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Assistant Secretary of the Navy Franklin D. Roosevelt to Vice Admiral William S. Sims, Commander, United States Naval Forces Operating in European Waters


20th July 1917.


     For my personal information please cable your opinion on the advisability of building a few hundred additional wooden submarine chasers, to be finished by next spring, and sent to European waters. I am going on the assumption that all available steel production will be used for merchant ships, and larger type naval vessels. These wooden ships would be a separate industrial proposition. General type about 120 over all (stop) 10ft. freeboard forward (stop) Two 8” guns (stop) about 17 knots. The existing plant cannot build much larger wooden ships but has capacity for three or four hundred. (signed) Franklin Roosevelt 17020.1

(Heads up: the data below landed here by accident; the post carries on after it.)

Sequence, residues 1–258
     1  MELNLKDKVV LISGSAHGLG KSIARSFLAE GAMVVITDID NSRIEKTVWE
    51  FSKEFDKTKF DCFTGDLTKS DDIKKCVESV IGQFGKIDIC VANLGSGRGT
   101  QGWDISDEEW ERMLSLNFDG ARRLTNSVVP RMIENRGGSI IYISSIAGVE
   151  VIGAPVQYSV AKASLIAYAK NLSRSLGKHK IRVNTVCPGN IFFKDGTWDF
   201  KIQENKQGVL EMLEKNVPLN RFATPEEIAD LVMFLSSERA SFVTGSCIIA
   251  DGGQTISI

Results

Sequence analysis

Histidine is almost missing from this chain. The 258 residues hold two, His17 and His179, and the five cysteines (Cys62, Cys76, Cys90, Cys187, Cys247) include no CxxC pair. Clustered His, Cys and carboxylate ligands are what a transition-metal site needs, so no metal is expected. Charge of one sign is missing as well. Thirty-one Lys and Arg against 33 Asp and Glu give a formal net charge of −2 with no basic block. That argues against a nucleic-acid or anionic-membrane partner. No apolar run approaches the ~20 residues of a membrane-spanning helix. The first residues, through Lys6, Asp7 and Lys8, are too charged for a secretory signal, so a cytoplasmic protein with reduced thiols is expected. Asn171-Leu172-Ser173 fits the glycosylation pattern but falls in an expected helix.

Sec. Navy.    

Source Note: Cy, DNA, RG 45, Entry 517B. Document was sent from “Secretary of the Navy/via Naval Attache,” with copies to “Lt. Commander [Joseph F.] Daniels.” The document is “Serial Nu. 55/Date No. 17020.”

Footnote 1: Roosevelt’s proposal for additional submarine chasers was approved. In total, the United States constructed 441 boats. Of these, 100 were sold directly to France for use in coastal patrols, and an additional 121 were deployed to Europe, where they operated off the coasts of Britain and France and also in the Mediterranean, where they helped in the construction of the Otranto Barrage. Still, Crisis at Sea: 444-457.

Footnote 2: Secretary of the Navy Josephus Daniels.